The reforming church is centered in and on Christ. I think this is kind of a given, but how quickly we forget that. There is too much temptation to make church be about anything but Christ that we can forget why we gather week after week anyway. How are the lights? Is the band playing up to date songs? Is the Pastor preaching practical sermons that make me feel good about myself (because that is his only job)? Do they have a hip coffee shop in the gathering area? What isn’t asked is where is Christ? I have been in too many churches where it isn’t obvious who or what they are worshiping. There is no cross, there’s no picture of Jesus, there’s no mention of Christ or God in the preaching. In a time where the church has turned into a consumer’s product, the reforming church remains centered on Christ and him crucified. When the reforming church stays centered in and on Christ the temptation to worship anyone or anything else disappears.
Lastly, the reforming church takes seriously the ministry of hospitality. Believe it or not, I actually think this is the most controversial and challenging thing we as a reforming church could do. Why? Because there are getting to be fewer and fewer places in society where all really are welcome. And if we’re going to continue to grow into a reforming church and be challenged by Christ’s message, the ministry of hospitality must be one of the cornerstone missions of the church. And I understand that for some, this ministry of hospitality may not be comfortable. It’s one thing to welcome those who look, act, and dress like us. But how far does our hospitality go when it’s one of our LGBTQ siblings? How far does our hospitality go when it’s a person of color whose primary language isn’t English? How far does our hospitality go when a new member joins and they like to speak in tongues? I think that’s also why it’s important to be reformers together in community. We become like this amazing, beautiful rock tumbler. We actually bump up against one another and polish one another’s edges.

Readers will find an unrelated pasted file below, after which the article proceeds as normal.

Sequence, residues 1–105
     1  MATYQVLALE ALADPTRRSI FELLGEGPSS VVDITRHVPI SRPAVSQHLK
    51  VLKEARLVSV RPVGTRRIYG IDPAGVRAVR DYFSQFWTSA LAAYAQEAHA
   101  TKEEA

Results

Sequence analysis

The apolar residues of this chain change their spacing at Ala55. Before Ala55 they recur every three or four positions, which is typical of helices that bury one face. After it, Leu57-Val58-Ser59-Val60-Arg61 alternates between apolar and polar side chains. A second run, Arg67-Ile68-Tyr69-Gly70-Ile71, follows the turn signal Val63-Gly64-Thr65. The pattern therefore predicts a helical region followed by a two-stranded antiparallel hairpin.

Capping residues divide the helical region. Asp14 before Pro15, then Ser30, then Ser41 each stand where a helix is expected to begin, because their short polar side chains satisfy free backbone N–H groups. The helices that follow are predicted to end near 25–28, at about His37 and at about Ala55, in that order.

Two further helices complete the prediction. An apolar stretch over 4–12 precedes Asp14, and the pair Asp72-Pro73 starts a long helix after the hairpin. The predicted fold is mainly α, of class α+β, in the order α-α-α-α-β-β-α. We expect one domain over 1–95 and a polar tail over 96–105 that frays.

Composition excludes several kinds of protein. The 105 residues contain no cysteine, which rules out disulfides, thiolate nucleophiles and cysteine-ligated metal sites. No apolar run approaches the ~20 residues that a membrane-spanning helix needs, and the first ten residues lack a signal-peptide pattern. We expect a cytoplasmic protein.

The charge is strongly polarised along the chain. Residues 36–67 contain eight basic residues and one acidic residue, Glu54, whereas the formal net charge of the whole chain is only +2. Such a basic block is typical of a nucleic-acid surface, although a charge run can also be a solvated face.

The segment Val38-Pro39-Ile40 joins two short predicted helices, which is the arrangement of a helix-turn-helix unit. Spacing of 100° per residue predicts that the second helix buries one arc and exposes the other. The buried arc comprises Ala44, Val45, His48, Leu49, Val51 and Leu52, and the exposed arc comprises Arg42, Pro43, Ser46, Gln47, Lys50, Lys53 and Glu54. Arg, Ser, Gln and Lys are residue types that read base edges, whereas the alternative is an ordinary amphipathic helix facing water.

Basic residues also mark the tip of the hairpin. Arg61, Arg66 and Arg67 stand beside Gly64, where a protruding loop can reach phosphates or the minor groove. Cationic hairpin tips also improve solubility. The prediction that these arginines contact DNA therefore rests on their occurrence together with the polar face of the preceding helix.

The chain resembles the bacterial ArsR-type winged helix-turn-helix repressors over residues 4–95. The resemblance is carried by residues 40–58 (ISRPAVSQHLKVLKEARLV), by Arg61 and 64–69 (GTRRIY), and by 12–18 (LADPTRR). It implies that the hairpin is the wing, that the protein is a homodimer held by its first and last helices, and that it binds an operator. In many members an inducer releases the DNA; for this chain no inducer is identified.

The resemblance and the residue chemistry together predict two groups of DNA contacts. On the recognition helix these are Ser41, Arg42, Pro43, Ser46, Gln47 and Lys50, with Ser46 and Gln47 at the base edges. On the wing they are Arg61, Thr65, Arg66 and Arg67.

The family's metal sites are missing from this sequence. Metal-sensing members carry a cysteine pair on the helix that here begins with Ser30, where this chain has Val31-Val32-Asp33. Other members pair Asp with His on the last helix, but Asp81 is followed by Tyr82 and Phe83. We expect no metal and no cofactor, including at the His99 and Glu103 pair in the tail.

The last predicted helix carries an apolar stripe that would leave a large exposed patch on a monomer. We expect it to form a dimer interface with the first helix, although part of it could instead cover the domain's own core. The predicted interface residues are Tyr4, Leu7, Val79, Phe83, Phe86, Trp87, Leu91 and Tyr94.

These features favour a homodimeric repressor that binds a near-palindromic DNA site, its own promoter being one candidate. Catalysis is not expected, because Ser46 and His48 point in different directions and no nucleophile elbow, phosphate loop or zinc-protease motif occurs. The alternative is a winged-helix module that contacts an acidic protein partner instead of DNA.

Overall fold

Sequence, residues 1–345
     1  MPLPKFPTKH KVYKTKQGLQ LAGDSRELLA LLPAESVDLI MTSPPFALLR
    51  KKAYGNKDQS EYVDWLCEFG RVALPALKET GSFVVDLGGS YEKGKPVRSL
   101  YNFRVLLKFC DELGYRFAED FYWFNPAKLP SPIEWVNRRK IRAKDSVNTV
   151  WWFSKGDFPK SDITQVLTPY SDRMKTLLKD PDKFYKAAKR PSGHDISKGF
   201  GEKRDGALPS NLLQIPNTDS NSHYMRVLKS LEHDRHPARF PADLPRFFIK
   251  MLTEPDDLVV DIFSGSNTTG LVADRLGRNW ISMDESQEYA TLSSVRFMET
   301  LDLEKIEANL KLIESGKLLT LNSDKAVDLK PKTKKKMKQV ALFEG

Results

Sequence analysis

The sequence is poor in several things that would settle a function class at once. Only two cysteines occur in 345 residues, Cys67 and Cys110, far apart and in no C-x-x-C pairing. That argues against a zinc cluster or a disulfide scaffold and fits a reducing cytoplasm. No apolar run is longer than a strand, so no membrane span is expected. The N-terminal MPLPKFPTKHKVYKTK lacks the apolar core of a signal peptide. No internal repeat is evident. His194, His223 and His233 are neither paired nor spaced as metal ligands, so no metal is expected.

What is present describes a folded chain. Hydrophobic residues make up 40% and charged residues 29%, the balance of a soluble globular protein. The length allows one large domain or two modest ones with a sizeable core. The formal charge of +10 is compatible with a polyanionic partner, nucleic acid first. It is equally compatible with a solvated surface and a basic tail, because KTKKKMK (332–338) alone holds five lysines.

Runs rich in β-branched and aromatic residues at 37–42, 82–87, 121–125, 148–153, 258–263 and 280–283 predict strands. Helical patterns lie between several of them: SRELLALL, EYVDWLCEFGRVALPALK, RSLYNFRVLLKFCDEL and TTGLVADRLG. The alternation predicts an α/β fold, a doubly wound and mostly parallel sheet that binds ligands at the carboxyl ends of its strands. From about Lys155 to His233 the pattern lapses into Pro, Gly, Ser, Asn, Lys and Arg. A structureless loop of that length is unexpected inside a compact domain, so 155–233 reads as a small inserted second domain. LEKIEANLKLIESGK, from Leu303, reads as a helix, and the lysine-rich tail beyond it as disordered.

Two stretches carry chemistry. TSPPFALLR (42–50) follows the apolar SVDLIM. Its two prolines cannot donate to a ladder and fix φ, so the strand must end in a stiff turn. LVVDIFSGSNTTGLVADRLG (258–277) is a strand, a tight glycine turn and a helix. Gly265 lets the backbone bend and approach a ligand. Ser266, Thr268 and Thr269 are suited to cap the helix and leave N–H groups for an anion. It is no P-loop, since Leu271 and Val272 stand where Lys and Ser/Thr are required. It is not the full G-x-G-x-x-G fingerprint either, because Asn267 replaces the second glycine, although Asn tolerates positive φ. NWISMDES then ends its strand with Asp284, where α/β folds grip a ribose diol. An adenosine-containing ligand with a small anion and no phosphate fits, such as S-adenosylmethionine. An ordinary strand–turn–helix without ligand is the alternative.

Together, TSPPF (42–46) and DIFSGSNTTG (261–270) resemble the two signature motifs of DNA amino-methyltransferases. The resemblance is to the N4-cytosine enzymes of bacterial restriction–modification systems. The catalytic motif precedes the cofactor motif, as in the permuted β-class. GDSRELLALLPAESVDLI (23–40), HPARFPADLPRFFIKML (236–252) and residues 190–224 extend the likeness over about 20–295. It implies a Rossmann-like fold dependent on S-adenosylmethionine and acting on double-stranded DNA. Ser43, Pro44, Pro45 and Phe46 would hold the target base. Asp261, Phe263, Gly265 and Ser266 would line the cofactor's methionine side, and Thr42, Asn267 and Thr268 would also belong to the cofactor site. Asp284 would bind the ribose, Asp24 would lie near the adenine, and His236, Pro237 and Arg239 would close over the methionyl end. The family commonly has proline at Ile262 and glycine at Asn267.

So yes, I do think God is calling us into a new reformation, my beloved. Our voices are important and we have something life-saving to say. What doesn’t change in the reformation is that we continue to stay abiding in Christ’s love. Because when we are supported by Christ’s love we have the strength to boldly proclaim the message the world needs to hear. And that message is this: you are loved. You are forgiven. You are adored by a God who loves you so much that God went all the way to the cross for you. There is nothing you have to do to earn this love. You are forever freed from your sin. That, my beloved, is some bold announcements for a new reformation. The freedom given to us in Christ, the love given to us in and through Christ, and our abiding in Christ will always be stronger than our sin. In a world that is constantly tempting us with bigger, better, and stronger, how novel an idea to reform and proclaim that we believe in Christ alone, through Word alone, by faith alone.